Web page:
The court further held that Section 23(1) of the P.W.D.V. Act empowers the Magistrate to pass an interim order as he deems just and proper while adjudicating any proceeding before him. Section 23(2) of the P.W.D.V. Act empowers the Magistrate to grant an ex parte order on the basis of affidavit filed by the aggrieved person under sections 18, 19, 20, 21 and 22 against the respondent if he is satisfied that the application filed by the aggrieved party prima facie discloses that the respondent is committing or has committed an act of domestic violence or there is a likelihood that the respondent might commit an act of domestic violence.

The high court also held that in view of the conjoint reading of section 21 and section 23(2) of the P.W.D.V. Act, it is very clear that the Magistrate is empowered to pass an ex parte order in granting interim/temporary custody of any child or children to the aggrieved party even basing on the affidavit filed by such aggrieved party without notice to the respondent. The only criteria for passing such ex parte order must be a case of exigency under the facts and circumstances of each case which can only be considered if the application prima facie discloses regarding commission of domestic violence or likelihood of commission of such domestic violence on the aggrieved person. There must be sufficient and compelling reasons to persuade the Court to pass such ex parte interim/temporary custody order of the child. For example, if the Magistrate is prima facie satisfied that the minor child of tender age has been separated from the mother forcibly or custody of the child with the respondent is harmful and against the interest of the child and further custody with the respondent is likely to aggravate the situation, the Magistrate can certainly pass ex parte interim order relating to grant of interim/temporary custody of the child or children in favour of the aggrieved person basing on the affidavit in as much as if prompt action at that stage is not taken then the legislative intent of making such a provision would be frustrated. At a later stage, the Magistrate being satisfied that there is a change in the circumstances requiring alteration, modification or revocation of any order passed then he can entertain the application filed on that behalf by either of the parties and can pass appropriate order recording his reasons. The Magistrate has got the power to revoke the ex parte order if he is satisfied that the order has been obtained by the aggrieved person by suppression of material facts or misrepresentation or by playing fraud upon the Court.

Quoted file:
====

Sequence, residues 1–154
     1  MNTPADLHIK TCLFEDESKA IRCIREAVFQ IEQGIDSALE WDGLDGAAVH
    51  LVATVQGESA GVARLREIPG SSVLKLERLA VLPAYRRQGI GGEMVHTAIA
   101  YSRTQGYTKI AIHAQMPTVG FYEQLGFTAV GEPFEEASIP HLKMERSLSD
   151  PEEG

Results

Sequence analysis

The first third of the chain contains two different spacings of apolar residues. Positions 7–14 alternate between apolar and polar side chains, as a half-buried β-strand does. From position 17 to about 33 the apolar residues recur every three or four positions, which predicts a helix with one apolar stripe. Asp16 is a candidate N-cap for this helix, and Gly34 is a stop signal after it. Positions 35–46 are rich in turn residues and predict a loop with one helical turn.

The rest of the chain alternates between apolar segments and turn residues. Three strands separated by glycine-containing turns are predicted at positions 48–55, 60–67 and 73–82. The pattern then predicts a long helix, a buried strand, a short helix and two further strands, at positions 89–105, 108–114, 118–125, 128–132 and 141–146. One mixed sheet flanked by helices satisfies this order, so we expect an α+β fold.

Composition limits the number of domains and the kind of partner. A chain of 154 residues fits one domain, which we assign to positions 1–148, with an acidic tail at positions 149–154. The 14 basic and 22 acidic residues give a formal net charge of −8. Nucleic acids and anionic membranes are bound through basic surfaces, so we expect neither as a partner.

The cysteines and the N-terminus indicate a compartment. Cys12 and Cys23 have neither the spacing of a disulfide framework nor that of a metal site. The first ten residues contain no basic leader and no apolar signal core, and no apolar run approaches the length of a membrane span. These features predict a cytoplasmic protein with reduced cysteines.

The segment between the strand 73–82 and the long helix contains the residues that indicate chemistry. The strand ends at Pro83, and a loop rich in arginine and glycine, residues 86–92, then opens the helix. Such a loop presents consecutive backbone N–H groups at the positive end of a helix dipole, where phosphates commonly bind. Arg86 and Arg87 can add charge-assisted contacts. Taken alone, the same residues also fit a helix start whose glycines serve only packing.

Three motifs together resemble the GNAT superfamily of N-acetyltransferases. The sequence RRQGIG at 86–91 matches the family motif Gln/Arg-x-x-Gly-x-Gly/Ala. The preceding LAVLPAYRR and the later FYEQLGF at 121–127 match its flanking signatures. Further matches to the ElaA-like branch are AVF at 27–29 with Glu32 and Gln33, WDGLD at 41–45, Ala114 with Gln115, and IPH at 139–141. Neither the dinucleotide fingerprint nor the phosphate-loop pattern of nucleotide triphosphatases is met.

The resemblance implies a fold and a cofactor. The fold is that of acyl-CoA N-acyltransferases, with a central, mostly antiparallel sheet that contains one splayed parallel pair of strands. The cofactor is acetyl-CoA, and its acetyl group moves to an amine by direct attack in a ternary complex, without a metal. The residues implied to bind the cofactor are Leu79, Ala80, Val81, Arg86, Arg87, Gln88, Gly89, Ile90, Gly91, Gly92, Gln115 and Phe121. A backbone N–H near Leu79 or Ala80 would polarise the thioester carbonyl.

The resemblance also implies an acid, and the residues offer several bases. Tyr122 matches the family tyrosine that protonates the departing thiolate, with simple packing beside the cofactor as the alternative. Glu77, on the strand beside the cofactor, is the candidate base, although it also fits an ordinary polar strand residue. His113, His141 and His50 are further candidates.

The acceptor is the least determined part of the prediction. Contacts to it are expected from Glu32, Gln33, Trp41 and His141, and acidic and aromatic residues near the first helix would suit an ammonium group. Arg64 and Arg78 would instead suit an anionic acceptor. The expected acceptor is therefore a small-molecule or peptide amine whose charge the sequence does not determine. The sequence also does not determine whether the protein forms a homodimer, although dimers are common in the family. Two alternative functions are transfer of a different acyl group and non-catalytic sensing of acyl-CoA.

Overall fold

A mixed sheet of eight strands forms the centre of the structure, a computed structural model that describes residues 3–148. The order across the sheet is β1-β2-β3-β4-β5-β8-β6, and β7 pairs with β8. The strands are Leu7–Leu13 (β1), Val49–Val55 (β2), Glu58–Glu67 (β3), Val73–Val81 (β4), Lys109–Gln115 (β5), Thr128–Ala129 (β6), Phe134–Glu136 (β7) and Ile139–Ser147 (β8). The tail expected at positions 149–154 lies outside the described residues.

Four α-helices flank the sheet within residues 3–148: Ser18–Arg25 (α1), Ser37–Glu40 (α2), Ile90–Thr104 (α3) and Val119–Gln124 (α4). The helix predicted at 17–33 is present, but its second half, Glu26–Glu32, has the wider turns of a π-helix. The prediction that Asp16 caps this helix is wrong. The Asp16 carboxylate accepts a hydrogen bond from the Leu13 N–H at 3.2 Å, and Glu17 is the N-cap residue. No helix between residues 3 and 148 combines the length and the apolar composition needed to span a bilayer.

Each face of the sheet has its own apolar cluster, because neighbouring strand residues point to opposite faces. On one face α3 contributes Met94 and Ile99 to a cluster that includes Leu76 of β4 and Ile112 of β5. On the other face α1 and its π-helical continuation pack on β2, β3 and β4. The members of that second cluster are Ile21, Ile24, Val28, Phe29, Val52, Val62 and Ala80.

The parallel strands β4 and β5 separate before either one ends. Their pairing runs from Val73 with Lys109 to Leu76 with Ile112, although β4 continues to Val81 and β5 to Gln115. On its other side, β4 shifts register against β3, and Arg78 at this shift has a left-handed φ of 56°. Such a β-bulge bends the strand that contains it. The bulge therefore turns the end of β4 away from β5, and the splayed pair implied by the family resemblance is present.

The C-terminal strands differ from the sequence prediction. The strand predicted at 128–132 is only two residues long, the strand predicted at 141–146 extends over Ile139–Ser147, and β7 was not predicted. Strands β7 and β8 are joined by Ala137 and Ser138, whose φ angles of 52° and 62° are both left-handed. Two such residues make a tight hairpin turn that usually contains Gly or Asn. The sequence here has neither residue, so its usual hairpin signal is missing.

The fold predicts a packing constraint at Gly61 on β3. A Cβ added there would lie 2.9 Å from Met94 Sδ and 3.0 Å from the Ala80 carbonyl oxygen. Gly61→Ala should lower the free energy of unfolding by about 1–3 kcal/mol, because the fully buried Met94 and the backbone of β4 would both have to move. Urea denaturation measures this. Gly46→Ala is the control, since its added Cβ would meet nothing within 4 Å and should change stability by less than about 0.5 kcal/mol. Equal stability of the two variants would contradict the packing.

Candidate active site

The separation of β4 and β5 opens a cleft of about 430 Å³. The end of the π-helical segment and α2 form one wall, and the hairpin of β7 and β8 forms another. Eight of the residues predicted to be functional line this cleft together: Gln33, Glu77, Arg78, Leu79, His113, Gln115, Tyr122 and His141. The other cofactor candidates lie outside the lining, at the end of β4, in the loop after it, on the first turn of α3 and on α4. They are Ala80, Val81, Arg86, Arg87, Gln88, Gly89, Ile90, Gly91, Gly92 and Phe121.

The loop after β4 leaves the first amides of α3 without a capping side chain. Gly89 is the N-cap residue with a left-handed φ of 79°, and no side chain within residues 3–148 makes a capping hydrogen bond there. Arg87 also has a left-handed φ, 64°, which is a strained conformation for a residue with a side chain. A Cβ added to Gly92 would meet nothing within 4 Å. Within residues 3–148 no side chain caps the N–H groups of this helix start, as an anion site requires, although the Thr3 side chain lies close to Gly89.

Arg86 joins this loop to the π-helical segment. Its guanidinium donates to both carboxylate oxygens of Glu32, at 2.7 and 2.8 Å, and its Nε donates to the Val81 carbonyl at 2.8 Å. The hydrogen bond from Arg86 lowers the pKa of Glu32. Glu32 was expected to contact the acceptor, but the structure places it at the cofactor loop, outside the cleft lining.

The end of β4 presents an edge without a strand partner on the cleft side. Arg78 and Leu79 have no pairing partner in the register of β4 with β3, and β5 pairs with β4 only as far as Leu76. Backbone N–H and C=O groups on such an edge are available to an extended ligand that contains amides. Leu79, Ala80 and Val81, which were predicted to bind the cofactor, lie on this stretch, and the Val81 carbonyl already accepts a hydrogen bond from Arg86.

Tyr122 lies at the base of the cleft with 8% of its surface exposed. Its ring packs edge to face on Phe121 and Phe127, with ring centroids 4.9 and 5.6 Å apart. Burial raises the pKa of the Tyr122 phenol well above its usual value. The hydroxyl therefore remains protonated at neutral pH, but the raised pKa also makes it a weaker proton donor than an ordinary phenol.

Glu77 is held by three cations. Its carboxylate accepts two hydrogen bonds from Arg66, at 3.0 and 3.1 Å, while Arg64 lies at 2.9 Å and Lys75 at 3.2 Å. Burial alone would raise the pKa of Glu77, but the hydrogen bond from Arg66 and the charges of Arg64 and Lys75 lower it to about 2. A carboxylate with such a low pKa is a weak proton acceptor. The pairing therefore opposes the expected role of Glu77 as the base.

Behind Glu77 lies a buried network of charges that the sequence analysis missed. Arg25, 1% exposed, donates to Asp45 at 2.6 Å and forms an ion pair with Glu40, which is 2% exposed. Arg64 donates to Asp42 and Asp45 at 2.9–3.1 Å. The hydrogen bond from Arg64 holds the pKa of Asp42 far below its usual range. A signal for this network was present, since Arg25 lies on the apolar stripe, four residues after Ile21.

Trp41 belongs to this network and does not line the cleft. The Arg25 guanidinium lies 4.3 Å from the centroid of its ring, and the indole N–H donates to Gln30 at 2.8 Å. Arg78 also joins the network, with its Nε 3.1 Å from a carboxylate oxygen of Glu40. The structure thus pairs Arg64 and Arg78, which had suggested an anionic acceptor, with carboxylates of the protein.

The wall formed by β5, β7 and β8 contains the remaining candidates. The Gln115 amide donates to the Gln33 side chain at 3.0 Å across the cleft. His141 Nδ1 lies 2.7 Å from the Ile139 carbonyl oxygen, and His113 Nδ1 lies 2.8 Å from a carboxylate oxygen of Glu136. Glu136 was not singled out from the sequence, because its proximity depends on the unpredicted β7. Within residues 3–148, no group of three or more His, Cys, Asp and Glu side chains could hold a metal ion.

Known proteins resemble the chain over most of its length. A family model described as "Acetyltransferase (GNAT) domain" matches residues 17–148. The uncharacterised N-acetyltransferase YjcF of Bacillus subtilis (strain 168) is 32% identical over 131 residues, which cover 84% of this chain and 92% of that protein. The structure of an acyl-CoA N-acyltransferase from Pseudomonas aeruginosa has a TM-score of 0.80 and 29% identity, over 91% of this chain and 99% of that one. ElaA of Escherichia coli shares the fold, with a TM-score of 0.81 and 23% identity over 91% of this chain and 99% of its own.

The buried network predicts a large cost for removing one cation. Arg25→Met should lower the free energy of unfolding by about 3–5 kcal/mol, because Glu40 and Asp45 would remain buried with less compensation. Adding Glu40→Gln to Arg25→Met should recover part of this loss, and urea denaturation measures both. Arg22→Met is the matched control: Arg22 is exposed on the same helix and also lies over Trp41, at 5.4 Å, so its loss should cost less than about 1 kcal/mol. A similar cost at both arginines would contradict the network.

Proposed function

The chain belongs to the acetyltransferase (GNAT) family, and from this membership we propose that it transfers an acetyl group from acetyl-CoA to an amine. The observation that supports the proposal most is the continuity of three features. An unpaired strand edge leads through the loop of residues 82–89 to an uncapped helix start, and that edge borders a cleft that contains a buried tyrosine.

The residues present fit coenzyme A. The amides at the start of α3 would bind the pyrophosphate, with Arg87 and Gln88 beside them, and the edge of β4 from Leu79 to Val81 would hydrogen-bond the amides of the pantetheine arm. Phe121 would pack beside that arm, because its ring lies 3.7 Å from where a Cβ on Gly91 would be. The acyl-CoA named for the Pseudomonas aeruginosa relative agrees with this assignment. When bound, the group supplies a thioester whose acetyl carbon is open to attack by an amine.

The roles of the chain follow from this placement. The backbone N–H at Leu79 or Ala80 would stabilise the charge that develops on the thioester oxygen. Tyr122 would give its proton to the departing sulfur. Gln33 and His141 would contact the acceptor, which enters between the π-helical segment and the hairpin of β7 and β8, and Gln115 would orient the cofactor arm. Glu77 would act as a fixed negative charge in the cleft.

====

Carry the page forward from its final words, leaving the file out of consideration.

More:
Accordingly, it was held that the Magistrate has got the jurisdiction to entertain an application under section 23(2) of the P.W.D.V. Act relating to passing an ex parte order for grant of interim custody of the child in favour of the aggrieved person.

Read full order of the court: